📖 DC-DC converters guide
DC / DC converters are widely used for powering various electronic equipment. They are used in computing devices, communication devices, various control, and automation schemes, etc.
Transformer Power Supplies
In traditional transformer power units, the supply voltage is transformed by the transformer, most often lowered, to the desired value. The reduced voltage is rectified by a diode bridge and smoothed by a capacitor filter. If necessary, a semiconductor stabilizer is placed after the rectifier.
Transformer power supplies, as a rule, are equipped with linear stabilizers. The advantages of such stabilizers are at least two: this is a small cost and a small number of parts in the harness. But these advantages are eaten by low efficiency since a significant part of the input voltage is used to heat the control transistor, which is completely unacceptable for powering portable electronic devices.
DC / DC converters
If the equipment is powered from galvanic cells or batteries, then voltage conversion to the desired level is possible only with the help of DC / DC converters.
The idea is quite simple: DC voltage is converted to AC, usually with a frequency of several tens or even hundreds of kilohertz, rises (decreases), and then straightens and is fed to the load. Such converters are often called impulse.
As an example, we can take a boost converter from 1.5V to 5V, just the output voltage of a computer USB. Such a converter of low power is sold to Aliexpress.
Pulse converters are good because they have high efficiency, within 60..90%. Another advantage of pulse converters is a wide range of input voltages: the input voltage can be lower than the output voltage or much higher. In general, DC / DC converters can be divided into several groups.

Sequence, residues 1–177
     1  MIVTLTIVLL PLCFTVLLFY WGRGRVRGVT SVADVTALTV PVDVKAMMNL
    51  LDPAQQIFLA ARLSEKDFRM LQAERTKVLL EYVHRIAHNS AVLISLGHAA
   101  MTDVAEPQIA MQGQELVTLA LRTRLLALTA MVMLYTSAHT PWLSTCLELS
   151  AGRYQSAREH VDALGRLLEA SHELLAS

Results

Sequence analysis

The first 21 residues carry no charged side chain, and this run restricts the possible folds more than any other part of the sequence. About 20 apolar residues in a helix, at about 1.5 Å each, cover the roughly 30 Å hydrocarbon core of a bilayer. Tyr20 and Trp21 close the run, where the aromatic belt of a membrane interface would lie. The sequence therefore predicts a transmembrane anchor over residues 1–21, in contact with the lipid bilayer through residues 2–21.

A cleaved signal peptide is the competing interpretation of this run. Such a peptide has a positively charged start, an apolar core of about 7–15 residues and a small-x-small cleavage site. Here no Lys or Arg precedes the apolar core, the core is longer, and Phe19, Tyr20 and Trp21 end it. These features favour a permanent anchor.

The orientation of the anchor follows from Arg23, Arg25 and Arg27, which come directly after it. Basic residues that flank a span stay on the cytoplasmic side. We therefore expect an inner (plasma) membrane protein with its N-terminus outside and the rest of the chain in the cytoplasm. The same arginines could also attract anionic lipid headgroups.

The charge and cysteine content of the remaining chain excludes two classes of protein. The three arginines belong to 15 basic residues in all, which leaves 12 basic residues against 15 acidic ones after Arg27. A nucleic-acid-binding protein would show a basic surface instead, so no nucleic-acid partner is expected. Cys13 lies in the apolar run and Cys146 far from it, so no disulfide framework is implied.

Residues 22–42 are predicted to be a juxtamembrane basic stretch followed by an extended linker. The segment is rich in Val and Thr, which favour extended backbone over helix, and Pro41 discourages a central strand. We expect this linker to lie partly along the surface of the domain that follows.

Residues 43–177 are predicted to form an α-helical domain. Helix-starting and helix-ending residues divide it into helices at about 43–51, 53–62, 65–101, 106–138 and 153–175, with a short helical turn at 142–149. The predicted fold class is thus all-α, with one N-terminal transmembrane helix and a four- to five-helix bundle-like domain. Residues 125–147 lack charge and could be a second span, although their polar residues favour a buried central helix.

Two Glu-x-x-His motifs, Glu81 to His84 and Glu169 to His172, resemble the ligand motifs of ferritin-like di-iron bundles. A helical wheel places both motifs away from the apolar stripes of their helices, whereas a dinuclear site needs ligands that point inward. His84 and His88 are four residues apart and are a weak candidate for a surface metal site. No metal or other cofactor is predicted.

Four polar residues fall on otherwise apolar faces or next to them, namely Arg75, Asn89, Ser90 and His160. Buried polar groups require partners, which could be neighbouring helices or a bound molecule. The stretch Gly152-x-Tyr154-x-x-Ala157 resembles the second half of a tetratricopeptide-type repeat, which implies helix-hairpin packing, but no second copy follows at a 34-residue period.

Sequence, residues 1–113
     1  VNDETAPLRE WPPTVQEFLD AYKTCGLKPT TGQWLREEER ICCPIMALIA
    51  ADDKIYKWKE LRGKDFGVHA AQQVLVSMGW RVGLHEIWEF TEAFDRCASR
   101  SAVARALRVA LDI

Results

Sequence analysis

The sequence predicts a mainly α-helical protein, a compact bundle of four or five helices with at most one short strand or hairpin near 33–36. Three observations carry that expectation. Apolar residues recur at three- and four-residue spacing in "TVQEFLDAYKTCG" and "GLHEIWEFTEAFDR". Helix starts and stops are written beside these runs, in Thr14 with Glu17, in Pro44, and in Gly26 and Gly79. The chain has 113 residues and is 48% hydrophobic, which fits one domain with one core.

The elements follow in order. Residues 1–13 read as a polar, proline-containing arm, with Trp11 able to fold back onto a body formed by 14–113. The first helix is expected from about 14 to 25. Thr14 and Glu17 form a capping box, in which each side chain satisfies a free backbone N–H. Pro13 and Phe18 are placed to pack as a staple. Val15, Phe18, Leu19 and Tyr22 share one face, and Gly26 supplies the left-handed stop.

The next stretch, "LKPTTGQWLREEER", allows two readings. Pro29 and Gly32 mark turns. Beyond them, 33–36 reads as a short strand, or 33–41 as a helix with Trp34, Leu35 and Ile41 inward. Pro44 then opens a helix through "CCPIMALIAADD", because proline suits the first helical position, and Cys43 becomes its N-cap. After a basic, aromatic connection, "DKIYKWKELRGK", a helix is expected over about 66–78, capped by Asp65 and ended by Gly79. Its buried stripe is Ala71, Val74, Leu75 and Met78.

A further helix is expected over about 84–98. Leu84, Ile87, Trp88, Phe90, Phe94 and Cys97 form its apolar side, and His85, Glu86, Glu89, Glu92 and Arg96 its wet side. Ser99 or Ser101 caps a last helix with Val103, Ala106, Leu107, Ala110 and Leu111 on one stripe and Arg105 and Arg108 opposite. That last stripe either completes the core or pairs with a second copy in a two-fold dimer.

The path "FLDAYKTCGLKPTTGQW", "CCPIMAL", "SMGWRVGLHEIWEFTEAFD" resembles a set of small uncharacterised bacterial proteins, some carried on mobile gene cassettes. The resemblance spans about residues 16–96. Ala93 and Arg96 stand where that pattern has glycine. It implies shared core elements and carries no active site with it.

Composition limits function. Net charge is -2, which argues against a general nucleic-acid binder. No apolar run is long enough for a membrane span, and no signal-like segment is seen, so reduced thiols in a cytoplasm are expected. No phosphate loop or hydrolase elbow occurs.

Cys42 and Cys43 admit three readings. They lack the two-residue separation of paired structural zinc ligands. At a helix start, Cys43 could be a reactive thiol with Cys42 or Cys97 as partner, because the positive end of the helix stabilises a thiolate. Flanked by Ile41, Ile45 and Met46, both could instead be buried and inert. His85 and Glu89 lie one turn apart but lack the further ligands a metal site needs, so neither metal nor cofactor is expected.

Step-down or buck lowering
The output voltage of these converters, as a rule, is lower than the input one: without any special heat losses of the regulating transistor, you can get a voltage of only a few volts at an input voltage of 12 ... 50V. The output current of such converters depends on the needs of the load, which in turn determines the converter circuitry.
Another English name for the chopper down converter. One of the translations for this word is a chopper. In technical literature, a down converter is sometimes called a “chopper.” For now, just remember this term.
Boost, in English terminology step-up or boost
The output voltage of these converters is higher than the input. For example, at an input voltage of 5V, the output can receive voltages up to 30V, moreover, it may be smoothly regulated and stabilized. Quite often, up-converters are called boosters.
Universal Converters - SEPIC
The output voltage of these converters is held at a predetermined level at an input voltage both above the input and below. It is recommended in cases where the input voltage can vary significantly. For example, in a car, the battery voltage may vary within 9 ... 14V and a stable voltage of 12V is required.
Inverting converters - inverting converter
The main function of these converters is to obtain at the output voltage of reverse polarity relative to the power supply. It is very convenient in those cases when bipolar power is required, for example, to power an opamp.